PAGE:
As far as Engelhard and JM bars, they are not premium bars, just preferred bars. Some dealers will sell them for huge premiums over spot, while others will sell them for as low as 49 cents an ounce over spot, when buying in quantity.

    Engelhard has been selling with higher premiums than the JM bars in recent years only because JM has continued to manufacture them and Engelhard stopped producing them many years ago. Again it all depends on who you are buying them from.

    As far as the premium on any purchase, it's called the spread, as in your example of the $10 premium + $20 spot = $30 purchase price

    The ideal situation is to buy as low of a spread as possible and that includes premium rounds like the ASE and Maple.

    Dealers will always buy any Silver products back at much lower prices than what they are currently selling them for, if they will buy the products you happen to be selling. There is a myth out there that when the market runs hot, dealers will buy anything you have to sell and it actually is the opposite. They are not willing to buy when the price is rising fast as it's much more of a gamble for them. The faster the price is rising the less they are willing to pay and no one can blame them.

    Typically in a stagnate market where the price of Silver is stable, the buy back price for a one ounce generic Silver product will run from -$1 to even spot price. And the buy back price for a premium round will run between even spot to $1 over. Then there are times where the premiums are running at much higher levels and you will find higher buy back prices, but that's only until the premiums fall back to their normal range. Even with the much higher premiums that the ASE and Maples have sold for in the past couple years, there are still major dealers that will not pay more than $1 or less in a buy back today. It pays to shop around when selling just like when buying.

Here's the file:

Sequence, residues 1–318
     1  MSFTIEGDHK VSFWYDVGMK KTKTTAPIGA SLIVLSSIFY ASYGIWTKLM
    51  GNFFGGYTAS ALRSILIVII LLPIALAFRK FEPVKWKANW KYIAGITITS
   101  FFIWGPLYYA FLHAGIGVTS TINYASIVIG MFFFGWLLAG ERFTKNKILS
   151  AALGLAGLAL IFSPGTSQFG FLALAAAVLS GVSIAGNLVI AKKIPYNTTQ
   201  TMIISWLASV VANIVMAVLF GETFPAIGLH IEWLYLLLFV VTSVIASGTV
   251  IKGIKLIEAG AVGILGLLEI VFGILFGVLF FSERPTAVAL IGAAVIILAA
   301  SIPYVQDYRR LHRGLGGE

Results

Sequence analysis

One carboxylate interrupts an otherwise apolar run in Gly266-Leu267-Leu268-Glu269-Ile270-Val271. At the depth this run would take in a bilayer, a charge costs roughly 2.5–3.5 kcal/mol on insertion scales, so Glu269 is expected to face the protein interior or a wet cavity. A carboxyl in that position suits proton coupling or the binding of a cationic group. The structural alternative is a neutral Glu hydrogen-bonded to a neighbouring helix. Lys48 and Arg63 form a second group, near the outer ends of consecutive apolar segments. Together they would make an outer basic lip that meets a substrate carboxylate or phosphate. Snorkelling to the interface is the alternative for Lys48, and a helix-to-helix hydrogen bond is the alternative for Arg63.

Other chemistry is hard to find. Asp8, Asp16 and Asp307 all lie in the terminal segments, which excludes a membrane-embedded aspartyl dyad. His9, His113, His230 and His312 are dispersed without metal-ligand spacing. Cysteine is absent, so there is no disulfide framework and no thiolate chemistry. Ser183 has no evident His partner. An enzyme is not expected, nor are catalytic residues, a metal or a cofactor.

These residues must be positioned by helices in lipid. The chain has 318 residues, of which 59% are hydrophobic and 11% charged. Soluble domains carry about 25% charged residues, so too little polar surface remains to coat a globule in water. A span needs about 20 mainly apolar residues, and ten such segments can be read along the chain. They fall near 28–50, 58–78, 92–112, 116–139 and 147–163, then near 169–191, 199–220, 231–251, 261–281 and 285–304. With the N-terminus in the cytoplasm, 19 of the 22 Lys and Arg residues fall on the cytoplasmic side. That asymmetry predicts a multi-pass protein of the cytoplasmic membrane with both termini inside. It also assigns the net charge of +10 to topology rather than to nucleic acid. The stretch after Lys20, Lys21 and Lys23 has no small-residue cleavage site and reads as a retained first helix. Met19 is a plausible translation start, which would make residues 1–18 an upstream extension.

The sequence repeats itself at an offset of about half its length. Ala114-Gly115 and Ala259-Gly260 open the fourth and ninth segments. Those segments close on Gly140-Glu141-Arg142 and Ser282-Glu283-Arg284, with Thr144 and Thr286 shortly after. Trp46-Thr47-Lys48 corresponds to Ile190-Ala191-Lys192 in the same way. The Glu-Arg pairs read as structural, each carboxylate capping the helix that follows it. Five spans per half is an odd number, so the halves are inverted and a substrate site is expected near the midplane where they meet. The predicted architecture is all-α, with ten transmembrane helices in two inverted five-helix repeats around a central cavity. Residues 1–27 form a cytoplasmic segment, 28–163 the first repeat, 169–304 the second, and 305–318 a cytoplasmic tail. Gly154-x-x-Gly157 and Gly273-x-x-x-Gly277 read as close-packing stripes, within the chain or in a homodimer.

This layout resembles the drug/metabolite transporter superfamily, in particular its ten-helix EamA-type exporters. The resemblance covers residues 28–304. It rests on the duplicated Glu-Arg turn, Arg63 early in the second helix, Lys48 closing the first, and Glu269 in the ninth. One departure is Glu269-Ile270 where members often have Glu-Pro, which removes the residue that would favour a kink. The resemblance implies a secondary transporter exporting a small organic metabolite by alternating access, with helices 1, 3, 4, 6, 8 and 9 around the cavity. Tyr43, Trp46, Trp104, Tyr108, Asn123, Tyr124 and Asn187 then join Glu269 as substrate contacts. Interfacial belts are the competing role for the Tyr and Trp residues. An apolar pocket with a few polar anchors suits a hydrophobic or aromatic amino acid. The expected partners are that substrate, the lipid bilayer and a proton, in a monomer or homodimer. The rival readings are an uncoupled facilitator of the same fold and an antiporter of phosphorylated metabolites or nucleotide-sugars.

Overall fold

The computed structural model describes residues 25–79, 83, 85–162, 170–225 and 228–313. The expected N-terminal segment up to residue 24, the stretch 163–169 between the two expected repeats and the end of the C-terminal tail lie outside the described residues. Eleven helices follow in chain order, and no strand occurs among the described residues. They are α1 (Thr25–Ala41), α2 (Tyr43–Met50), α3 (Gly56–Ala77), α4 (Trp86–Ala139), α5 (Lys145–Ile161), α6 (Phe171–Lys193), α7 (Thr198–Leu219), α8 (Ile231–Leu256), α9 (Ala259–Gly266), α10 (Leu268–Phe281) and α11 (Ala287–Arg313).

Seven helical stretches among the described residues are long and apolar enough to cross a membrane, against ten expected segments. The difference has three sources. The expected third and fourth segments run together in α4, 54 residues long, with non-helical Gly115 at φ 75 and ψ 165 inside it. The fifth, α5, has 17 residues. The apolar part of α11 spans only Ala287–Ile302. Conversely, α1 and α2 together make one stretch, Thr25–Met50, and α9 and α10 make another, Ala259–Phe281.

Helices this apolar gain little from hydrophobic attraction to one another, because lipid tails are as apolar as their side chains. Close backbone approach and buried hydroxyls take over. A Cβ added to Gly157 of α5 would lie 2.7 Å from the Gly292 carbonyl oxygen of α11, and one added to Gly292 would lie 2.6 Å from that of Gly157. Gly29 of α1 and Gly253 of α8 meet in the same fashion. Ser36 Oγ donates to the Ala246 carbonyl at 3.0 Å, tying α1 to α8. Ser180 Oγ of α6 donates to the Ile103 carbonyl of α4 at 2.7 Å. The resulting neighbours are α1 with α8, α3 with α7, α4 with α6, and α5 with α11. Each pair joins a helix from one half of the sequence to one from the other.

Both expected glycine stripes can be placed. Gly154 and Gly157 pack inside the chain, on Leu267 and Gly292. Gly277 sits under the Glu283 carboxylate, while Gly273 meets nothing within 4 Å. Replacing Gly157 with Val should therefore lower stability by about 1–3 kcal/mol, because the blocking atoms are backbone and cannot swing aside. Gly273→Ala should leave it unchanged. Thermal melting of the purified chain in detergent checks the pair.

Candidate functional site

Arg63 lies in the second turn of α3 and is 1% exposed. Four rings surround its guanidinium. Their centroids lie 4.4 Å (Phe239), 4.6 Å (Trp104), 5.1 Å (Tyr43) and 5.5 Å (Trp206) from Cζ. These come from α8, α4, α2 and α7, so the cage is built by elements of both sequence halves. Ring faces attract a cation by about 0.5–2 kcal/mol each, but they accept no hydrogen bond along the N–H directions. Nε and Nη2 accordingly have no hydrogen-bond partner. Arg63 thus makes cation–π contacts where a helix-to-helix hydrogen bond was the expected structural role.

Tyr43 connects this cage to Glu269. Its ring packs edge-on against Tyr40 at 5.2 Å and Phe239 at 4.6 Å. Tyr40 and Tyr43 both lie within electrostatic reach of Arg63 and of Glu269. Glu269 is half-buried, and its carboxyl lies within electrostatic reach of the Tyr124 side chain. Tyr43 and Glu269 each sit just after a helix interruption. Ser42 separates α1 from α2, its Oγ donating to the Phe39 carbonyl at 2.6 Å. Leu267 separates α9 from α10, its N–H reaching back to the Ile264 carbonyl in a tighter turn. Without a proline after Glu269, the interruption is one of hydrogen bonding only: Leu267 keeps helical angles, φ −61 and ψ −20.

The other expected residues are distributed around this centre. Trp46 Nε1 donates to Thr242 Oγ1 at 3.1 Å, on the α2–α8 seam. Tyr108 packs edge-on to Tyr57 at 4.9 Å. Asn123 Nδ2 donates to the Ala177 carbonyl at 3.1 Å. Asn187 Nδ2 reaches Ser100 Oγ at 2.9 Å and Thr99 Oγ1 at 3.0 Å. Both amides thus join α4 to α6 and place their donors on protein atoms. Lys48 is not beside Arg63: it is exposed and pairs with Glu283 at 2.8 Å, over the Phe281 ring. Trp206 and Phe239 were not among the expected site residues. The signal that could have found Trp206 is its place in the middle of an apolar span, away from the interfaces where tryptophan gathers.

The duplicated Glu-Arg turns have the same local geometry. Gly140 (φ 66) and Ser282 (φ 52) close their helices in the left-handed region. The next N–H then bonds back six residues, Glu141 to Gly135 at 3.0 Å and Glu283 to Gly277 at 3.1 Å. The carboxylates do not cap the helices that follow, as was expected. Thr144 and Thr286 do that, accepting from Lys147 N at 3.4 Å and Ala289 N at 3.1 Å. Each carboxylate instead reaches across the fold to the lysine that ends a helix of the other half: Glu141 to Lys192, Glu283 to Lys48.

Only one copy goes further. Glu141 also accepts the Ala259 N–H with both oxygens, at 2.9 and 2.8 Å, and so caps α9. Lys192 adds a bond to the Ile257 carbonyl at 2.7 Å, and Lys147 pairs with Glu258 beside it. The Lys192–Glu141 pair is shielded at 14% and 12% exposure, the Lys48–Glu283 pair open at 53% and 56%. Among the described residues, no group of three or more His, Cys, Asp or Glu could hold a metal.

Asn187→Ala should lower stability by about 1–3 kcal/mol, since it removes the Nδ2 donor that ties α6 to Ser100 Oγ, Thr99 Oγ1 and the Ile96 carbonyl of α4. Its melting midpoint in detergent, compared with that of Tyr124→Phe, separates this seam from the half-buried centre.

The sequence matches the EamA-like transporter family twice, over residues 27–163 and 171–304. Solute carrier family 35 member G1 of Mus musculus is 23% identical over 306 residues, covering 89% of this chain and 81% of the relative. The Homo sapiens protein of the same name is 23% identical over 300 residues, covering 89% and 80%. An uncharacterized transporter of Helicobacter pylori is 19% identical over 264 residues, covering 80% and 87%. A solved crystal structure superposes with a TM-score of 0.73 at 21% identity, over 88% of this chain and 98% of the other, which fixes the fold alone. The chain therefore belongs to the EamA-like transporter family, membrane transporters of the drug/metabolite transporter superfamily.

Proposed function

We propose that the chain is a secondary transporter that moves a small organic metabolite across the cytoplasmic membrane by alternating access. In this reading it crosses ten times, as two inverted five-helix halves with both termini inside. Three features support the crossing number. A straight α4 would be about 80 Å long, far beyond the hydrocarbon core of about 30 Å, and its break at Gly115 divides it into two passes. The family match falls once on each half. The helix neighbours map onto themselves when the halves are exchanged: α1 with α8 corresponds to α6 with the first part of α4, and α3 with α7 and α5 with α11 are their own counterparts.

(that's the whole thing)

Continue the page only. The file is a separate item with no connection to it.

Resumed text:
The difference between generic a product and a premium product is in the spread. For generic products, you can expect to lose at least $1 per ounce of your original spread, not counting the shipping charges paid. The same can't be said of premium products, where you might have paid a premium of $3 to $10 per ounce and then sell them for only $1 over spot in a normal period of time. While the premium rounds are much easier to sell, that doesn't mean you be able to re-coup your premium investment.

    For those that are buying in larger quantities of say in the hundreds of ounces at a time or even in the thousands, that spread can make a huge difference in your total net value down the road. People only tend to look at the value of what they are paying for today and what it might be worth down the road. They tend to over look the potential value of buying much more generic Silver for the same dollar amount. When the price is basically the same, your only looking at the difference between what you can sell both items for. When the spot price rises, then there is a multiplying factor to take into account for that extra generic Silver you bought vs the premium Silver rounds that didn't have the extra rounds.

    Using an example of a spot price of $20 today and $60 tomorrow. If you were to buy 500 ASE's today at the best premium price of $2.99 over spot at $20, that would buy 552 generic rounds from the same dealer at $.79 over spot per round.

    The difference between the two products at a spot price of $60 would be, the premium rounds would have a spot value of $30,000 and those generic rounds would have a spot value of $33,120. If you have a run away train and the spot price went to some great price like $180, then those ASE would be worth $90,000 and the generic would be worth $99,360. Of course the premium rounds will add an extra Dollar or maybe even $2 each when selling and the generics may only bring in the spot value. When selling in quantity, you don't have to settle for a beating to spot at your local coin shop, you can sell them online and usually get close to spot or a little over. The issue is, your not going to be able to make up the difference in less Silver with better premium rounds as the spot price increases. In reality, most people would take a larger beating if they sold their premium rounds today versus those that bought generic. And that's not accounting for any changes in the spot price.